Notes From The Commish: Hype And Substance

There’s been some recent discussion in the Irish media about startups and whether the government should be run like one.

Governments are not businesses and probably shouldn’t be run like a business. That said, it excites me to read about citizens being treated more like customers, and how lean methodologies could be used to guide the development of the products, services and delivery mechanisms the government employs. Business is always trying new approaches to get ahead and the government should be too.

What concerns me though is how startups and the startup industry are sometimes characterized in the Irish media.

Startups are not a rarified animal, a passing fad, or a hyperbole with no substance. They’re simply businesses that employ technology to deliver products and services. Try to think of any public (or private) service or product that’s not currently being impacted, in small or large ways, by the use of technology. Maybe your smartphone can help you with the research…

There can be a lot of hype and nonsense within the startup industry. Believe me, I get it.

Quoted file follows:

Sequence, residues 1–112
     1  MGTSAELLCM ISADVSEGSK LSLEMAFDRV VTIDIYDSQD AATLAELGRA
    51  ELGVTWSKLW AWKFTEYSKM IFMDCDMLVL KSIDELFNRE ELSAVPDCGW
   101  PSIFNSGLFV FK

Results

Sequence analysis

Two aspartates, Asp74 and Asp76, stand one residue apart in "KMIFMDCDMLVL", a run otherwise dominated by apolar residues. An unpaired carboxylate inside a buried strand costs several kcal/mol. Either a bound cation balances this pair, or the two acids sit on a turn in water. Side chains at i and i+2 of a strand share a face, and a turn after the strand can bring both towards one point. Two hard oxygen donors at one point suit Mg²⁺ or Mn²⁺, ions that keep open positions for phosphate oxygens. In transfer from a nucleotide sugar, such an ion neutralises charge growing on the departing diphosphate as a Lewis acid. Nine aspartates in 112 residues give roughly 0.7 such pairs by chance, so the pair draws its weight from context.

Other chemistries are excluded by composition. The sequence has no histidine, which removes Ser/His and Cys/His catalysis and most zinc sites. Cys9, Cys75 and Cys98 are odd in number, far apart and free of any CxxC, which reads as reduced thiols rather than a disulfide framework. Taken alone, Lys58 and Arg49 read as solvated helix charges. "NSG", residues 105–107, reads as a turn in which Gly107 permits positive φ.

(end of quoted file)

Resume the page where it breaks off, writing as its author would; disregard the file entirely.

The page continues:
I sometimes worry that like other international cities, we’re building a startup industrial complex in Dublin, where a never-ending stream of networking events and competitions get priority over solid supports focused on customers and revenue. Then again, it’s early days in the new digital economy and every one of us in business has something to learn from the wantapreneurs, crazy ideas and fake-it-till-you-make-it philosophies.

It’s much easier to hear the hype than the substance in the Irish startup industry but rest assured people, the substance is here. Every month in this country we have a dozen more Irish companies delivering true innovation to the market, making real money and creating well-paid jobs.
And the sooner we as a government, and a community of industries realize the potential of our startup industry, the quicker we’ll become a successful digital economy with our own global players, instead of a small island market dominated by international ones.

Irish startups are Irish businesses. Support them, and spread the word.

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